I'm so going to miss him.
You could ask Larry a question - any question - about the history or politics of the place of his lifetime residence of Madison, NJ and you'd be certain to get an answer about 'Rose City'. Indeed, he was known as "Mr Madison" in some circles because he knew everyone - and their parents and grandparents and even great grandparents - and which houses they lived in and whether or not they were in the 'Blue Book' or Social Register.
I used to tease him unmercifully about being a bit of a snob in that way. It's not that he was obnoxious about it, but more that he was historically curious about America's own brand of 'royalty'. Indeed, he had a copy of the Social Register on his bookshelf, right next to the other historical books he kept and among the countless antiques he collected.
The very first time I met Larry, way back in 1991 when I first came to the Diocese of Newark, he asked me where I was from.
"Massachusetts," I said.
"Cabots or Lodges?" he asked, then took absolute delight in repeating that old rhyme about Boston snobbery:
"Boston, dear Boston, the land of the bean and the codMy family will never be in any Social Register anywhere, but that didn't prevent Larry from loving me. And, when Larry loved you, he loved you without condition or concern for your social lineage or status.
Where the Cabots speak only to the Lodges,
and the Lodges speak only to God"
Larry was one of the hardest working, most dedicated people I know. He spent countless hours helping me sort out the books at St. Barnabas AIDS Resource Center, getting the financial reports ready to apply for IRS 501-C-3 tax-exempt status. Once he finished with that, he started working on the books for the church.
Mind you, that was in between the work he did for the Madison Tree Commission - he was passionate about not cutting down ANY tree unless it was so diseased it was beyond care and might become a danger. He was also past president of of the Board of Trustees of the Hartley Dodge Foundation and served for many years as Treasurer and in other various capacities and activities at Grace Episcopal Church. He made the best Deviled Eggs which was always his contribution to parish events.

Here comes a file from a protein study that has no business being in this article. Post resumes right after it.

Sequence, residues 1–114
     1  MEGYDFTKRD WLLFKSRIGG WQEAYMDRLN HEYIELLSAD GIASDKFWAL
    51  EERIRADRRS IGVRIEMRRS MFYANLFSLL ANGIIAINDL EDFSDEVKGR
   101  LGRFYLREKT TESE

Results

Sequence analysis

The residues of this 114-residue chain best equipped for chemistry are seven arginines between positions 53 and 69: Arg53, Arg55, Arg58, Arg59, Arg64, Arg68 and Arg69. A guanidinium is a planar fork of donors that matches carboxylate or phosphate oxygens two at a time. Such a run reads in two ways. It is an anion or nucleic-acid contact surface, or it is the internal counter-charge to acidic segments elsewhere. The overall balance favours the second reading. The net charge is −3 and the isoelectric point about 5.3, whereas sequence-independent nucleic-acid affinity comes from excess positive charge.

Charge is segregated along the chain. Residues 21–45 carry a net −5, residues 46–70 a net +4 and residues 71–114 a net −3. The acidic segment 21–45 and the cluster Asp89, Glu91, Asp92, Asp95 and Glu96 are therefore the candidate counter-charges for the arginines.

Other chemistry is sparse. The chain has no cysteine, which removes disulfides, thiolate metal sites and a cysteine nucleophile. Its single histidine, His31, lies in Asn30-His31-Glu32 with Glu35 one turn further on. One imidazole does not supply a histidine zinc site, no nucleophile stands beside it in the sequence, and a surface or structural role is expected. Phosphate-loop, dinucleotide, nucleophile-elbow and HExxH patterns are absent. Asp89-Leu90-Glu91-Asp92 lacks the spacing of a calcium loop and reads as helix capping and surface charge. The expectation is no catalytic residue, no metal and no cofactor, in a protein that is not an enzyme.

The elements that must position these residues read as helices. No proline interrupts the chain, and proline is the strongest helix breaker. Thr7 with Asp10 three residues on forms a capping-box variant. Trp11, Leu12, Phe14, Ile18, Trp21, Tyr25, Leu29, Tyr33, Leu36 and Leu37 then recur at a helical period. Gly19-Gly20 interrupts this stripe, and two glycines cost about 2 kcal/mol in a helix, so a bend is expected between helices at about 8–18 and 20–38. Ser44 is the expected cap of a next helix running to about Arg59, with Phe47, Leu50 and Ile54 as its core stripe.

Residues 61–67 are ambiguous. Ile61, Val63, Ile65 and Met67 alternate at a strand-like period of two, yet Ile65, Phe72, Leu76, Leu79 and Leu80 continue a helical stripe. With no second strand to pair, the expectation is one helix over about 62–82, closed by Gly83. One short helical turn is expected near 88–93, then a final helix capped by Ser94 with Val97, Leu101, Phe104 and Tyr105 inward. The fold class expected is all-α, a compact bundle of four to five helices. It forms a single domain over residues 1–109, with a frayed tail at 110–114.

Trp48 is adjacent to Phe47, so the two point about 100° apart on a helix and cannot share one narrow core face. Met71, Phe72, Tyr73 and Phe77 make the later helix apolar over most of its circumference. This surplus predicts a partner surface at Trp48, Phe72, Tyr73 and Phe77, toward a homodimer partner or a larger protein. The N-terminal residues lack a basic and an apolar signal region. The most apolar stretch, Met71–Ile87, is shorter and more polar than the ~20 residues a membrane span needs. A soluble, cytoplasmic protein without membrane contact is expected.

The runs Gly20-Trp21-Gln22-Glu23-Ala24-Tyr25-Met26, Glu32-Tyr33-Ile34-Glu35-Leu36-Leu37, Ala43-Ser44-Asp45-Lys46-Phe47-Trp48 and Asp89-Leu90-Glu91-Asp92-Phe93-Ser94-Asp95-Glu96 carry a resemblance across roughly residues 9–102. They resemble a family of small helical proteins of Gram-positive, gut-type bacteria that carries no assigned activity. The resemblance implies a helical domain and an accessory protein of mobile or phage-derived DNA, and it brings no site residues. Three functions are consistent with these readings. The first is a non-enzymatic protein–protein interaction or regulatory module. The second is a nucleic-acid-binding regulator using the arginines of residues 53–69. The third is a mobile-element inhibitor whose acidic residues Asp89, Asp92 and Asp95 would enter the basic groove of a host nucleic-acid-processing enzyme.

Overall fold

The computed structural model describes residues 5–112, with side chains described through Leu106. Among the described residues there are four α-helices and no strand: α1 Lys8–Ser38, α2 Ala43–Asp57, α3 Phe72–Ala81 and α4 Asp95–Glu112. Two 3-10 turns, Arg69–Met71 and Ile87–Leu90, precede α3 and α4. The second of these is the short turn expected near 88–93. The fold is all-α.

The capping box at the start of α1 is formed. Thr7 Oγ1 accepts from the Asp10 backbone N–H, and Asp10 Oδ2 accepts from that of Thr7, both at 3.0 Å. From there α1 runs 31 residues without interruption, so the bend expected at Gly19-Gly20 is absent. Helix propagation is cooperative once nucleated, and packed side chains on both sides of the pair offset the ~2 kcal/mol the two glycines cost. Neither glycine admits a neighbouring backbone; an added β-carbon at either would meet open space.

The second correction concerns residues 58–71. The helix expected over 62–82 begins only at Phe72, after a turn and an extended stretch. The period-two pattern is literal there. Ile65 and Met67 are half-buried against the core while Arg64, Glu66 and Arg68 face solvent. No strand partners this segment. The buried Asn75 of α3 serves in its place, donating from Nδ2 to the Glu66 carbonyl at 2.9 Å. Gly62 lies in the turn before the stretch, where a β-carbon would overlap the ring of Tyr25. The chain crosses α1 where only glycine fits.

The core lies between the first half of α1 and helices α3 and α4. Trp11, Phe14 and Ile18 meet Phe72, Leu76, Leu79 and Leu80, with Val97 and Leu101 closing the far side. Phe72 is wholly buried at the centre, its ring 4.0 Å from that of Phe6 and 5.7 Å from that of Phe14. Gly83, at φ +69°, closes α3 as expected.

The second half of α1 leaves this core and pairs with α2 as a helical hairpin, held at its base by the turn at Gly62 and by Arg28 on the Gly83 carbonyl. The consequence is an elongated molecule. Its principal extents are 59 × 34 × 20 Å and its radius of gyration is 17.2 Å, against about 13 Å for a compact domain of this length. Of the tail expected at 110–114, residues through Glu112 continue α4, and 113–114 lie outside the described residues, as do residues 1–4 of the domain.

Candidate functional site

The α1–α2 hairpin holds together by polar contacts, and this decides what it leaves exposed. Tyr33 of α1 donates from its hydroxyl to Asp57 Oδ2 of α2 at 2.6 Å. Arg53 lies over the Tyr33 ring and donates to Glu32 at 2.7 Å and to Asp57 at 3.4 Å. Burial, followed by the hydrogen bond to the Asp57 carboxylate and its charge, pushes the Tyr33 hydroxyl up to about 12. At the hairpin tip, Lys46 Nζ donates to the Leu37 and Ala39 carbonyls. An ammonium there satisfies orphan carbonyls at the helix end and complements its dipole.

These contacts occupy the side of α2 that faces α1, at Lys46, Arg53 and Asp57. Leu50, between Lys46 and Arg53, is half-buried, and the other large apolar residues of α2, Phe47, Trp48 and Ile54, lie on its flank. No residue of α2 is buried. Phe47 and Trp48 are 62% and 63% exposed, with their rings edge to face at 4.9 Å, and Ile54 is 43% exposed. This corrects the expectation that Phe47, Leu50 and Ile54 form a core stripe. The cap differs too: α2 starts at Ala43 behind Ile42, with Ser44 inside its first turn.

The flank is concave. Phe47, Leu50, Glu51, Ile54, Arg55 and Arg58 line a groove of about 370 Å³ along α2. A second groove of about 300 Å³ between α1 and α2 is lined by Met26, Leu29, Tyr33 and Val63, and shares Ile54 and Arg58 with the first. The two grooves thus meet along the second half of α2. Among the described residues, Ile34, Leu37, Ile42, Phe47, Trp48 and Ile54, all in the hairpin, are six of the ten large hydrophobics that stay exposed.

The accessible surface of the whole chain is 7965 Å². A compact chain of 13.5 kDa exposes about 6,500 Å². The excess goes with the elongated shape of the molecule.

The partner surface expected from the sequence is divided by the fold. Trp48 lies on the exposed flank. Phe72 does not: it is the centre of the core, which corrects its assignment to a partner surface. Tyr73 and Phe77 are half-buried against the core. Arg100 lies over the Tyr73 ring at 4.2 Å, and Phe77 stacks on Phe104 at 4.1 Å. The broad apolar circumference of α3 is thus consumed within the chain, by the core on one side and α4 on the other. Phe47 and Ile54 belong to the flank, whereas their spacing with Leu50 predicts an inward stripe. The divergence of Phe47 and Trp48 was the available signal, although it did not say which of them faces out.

He was also very active in the Diocese of Newark, serving as Assistant Treasurer as well as on the Building Committee of the Department of Missions and member of the Ward J. Herbert Board of Trustees.
"Mother Superior". That's what he called me. It was his way of lightly and humorously underscoring the difference between my catholic proclivities and his staunch protestantism as well as his respect and admiration and fondness for me.
"Mr. Curmudgeon". That's what I called him. It was my way of lightly and humorously underscoring the difference between his conservative Republican proclivities and my progressive Democratic perspective as well as my respect and admiration and fondness for him.
Just about once a month, he'd take me to lunch at the local Charlie Brown's Restaurant. He always made sure I'd have a glass of white wine and then we'd have the Salad Bar and occasionally, split a decadent dessert of ice cream with chocolate sauce with a crust of chocolate cookie crumbs.
We always had the same waiter, Henry, who loved to tease Larry almost as much as I did.
Larry and I would catch up on things diocesan, share some memories, and then, Larry would tell stories about "the good old days" of the Gay Community of the 50s and 60s in Manhattan, complete with afternoon Tea Dances in posh hotels where the rich and famous but deeply closeted would mingle with their adoring fans who kept their identities secret.
He and his partner, Bill, were together through it all - "over 50 years of uninterrupted unmarital bliss" - as I would tease Larry. Bill died in August of 2007. Because his funeral was over Labor Day weekend, I missed it. Larry completely understood. He was just more concerned about my making a contribution to Grace Church in Bill's name. That's just the way Larry was.
Larry worked for many years at Carbide. Bill worked for many years at Chase Manhattan Bank, taking the train in every day from Madison to Manhattan. Sometimes, in their younger years, Larry would take the train into see Bill after work and they would have dinner and catch a play together.
"You're a classic," I would say to Larry.
"You mean, I'm a relic," he would say.